The Virginia Tech Graduate School is launching three child-care focused programs for graduate and undergraduate students in January associated with the university’s commitment to a work-life friendly atmosphere.

Graduate School Child Care Coordinator Marin Riegger said the programs will comprise a parent support group, a babysitting clearinghouse, and a parents-cooperative play group for children ages 2-5.

Dean and Vice President for Graduate Education Karen P. DePauw said the graduate school has been exploring ways to provide support for students with children for several years. A large percentage of the graduate school population consists of students who must juggle child-care needs with studies and work as graduate assistants, graduate teaching assistants, or graduate research assistants. 

More undergraduate students also are balancing family with studies, she noted.

“Marin has done an outstanding job of putting together three options for graduate students who are parents,” DePauw said. “I’m excited about the programs we are developing. These are for graduate students, but they are open to undergraduates with families, too.”

Riegger said the cooperative play group will open in January at the Luther Memorial Lutheran Church on Prices Fork Road and will be staffed by a trained group leader and assistants. It will operate Monday through Friday and offer three three-hour sessions: morning, afternoon, and evening. Parents may enroll their child in one session per day.

“If that three hours relieves some of the pressure students feel, then we are doing our job,” she said.

Riegger said the cost will be $150-$160 per month per child. 

“There will be room for up to 45 children, 15 in each session.”  

The play group initially will be open to children of Virginia Tech students, but if space is available, enrollment will expand to children of staff employees, she said.

Students may apply to enroll their children in the cooperative play group on Thursday, Nov. 20, from 9 a.m. until noon in room C of the Graduate Life Center at Donaldson Brown. Riegger also plans to hold information sessions about the play group later in the month.

Riegger said parents also may take advantage of the babysitting clearinghouse, which also will be available at the beginning of spring semester. DePauw said babysitters will be vetted via an online process.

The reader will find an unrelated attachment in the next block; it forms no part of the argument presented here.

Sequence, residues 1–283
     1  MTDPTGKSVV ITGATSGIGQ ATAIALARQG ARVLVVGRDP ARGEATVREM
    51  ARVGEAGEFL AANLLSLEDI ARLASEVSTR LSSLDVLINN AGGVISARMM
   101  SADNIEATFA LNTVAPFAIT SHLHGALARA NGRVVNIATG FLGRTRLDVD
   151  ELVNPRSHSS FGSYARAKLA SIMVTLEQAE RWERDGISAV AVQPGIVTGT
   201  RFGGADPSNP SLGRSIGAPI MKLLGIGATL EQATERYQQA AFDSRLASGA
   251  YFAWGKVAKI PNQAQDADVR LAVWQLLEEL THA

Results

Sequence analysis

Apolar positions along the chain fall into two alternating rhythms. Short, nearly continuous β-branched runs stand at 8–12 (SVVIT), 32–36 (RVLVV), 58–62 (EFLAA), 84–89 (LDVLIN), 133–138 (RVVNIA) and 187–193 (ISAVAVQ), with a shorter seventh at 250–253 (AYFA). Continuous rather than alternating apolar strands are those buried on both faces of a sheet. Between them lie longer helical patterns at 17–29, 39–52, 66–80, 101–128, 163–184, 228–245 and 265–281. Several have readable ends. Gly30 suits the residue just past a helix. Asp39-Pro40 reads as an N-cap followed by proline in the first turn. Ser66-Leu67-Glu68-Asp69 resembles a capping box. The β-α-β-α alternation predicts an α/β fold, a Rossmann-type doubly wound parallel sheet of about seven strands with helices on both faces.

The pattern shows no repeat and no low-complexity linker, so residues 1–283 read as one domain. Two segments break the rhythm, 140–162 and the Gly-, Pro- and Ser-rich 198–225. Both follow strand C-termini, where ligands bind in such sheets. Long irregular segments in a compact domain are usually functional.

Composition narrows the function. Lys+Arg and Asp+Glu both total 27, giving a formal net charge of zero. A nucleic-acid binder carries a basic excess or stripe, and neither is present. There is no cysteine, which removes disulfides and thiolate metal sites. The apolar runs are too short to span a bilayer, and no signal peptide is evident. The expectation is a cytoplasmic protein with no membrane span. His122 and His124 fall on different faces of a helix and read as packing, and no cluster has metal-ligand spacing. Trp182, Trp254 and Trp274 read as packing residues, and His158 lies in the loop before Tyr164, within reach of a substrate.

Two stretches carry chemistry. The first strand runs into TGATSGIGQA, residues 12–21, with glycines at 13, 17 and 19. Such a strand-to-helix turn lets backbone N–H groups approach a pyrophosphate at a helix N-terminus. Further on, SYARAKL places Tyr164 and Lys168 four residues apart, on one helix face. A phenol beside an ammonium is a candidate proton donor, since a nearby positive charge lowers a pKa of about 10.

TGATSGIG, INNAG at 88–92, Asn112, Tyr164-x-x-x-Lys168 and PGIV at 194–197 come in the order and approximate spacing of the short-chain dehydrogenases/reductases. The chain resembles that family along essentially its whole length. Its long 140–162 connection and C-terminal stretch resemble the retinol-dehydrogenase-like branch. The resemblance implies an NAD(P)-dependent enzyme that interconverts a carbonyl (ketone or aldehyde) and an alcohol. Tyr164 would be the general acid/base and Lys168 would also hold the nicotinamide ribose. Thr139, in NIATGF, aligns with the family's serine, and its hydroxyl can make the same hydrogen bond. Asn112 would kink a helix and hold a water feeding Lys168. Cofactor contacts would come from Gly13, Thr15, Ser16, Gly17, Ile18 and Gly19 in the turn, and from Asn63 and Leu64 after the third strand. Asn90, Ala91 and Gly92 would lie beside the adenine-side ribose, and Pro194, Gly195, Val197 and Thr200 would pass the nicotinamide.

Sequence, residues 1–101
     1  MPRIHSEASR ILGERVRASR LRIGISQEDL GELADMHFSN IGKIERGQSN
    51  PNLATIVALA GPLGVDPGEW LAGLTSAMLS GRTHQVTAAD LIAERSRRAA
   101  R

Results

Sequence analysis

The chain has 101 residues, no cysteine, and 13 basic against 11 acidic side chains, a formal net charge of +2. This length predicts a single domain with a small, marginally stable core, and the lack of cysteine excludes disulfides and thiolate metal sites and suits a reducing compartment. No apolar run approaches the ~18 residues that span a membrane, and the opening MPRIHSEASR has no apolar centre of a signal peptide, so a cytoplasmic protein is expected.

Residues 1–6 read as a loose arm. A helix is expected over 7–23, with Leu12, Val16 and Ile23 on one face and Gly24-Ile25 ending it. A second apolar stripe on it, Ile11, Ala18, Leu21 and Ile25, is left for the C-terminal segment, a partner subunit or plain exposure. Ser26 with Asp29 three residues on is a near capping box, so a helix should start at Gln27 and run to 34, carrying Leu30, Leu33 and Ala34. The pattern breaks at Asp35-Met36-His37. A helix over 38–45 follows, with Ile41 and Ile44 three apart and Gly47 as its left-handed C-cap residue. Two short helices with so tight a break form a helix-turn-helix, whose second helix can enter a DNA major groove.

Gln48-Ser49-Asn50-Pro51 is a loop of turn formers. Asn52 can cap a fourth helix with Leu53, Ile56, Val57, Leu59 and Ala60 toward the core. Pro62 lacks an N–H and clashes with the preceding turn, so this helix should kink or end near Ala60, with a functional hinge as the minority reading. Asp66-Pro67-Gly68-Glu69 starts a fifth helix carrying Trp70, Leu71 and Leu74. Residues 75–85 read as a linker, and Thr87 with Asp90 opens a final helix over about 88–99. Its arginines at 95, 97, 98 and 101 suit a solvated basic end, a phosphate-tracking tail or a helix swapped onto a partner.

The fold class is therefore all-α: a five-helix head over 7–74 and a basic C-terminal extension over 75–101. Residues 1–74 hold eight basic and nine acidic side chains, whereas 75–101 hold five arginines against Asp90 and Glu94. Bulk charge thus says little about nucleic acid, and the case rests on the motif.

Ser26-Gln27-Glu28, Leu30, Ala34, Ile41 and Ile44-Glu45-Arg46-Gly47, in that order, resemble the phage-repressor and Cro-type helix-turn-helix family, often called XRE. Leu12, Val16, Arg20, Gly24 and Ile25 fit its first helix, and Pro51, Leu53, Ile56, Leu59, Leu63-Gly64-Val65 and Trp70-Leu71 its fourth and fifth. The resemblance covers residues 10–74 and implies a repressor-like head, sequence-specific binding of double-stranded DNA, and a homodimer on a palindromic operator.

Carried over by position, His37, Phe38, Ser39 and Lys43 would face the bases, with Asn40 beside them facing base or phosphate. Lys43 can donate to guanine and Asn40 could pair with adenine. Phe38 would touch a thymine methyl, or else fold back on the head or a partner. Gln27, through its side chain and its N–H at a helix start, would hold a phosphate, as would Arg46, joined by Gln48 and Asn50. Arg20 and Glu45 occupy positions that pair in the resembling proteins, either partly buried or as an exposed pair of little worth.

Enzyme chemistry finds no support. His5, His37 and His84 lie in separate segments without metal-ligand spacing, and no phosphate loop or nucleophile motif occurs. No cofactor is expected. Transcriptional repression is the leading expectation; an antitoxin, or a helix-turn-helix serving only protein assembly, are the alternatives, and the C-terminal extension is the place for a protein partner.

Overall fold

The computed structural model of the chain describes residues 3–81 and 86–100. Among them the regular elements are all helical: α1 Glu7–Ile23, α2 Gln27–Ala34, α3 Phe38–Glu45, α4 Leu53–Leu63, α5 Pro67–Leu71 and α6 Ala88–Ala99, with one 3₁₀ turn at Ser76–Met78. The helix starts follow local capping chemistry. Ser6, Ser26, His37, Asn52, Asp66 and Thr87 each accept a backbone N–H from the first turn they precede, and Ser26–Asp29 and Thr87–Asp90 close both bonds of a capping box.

“Babysitters will sign up and complete an online enrollment and orientation process,” Riegger said. “There will be an agreed upon pay scale, and participants will agree to waive liability.”

The third program, the parents’ support group, will be open to all students with children. 

Concerns about a shortage of childcare for students’ children were highlighted in September when junior Emily Schwarting wrote an open letter to President Timothy D. Sands published in the Collegiate Times about the issue. 

Sands responded via social media and included DePauw in the conversation, saying the Graduate School was “forging ahead” with child care options for students. and noting the need across the campus.

The Commission on Student Affairs subsequently held a panel discussion about child care and formed a committee to examine the concern further and help with a needs assessment.

Students noted that while several child care programs operate in the Blacksburg area, including Rainbow Riders, they have long wait lists of up to 700 names, and many of the programs cost more than Virginia Tech students can afford to pay.

“Everyone has a wait list,” Riegger said. “There’s no capacity to absorb more children. We’re losing students because they do not have access to child care.”

DePauw said the programs are a first step toward addressing students’ child care concerns. “It is just the beginning. Forty-five slots is not going to solve the challenge of child care.”

Graduate Student Board of Visitors Representative Ashley Francis presented an update on the child care initiatives to the board at its Nov. 10 meeting. Board Rector Deborah L. Petrine said the effort was a long time coming. 

"I think it's just terrific that we've got something started with child care," Petrine said. "It's exciting that we're actually going to be taking applications."

For more information about the three programs, contact Riegger at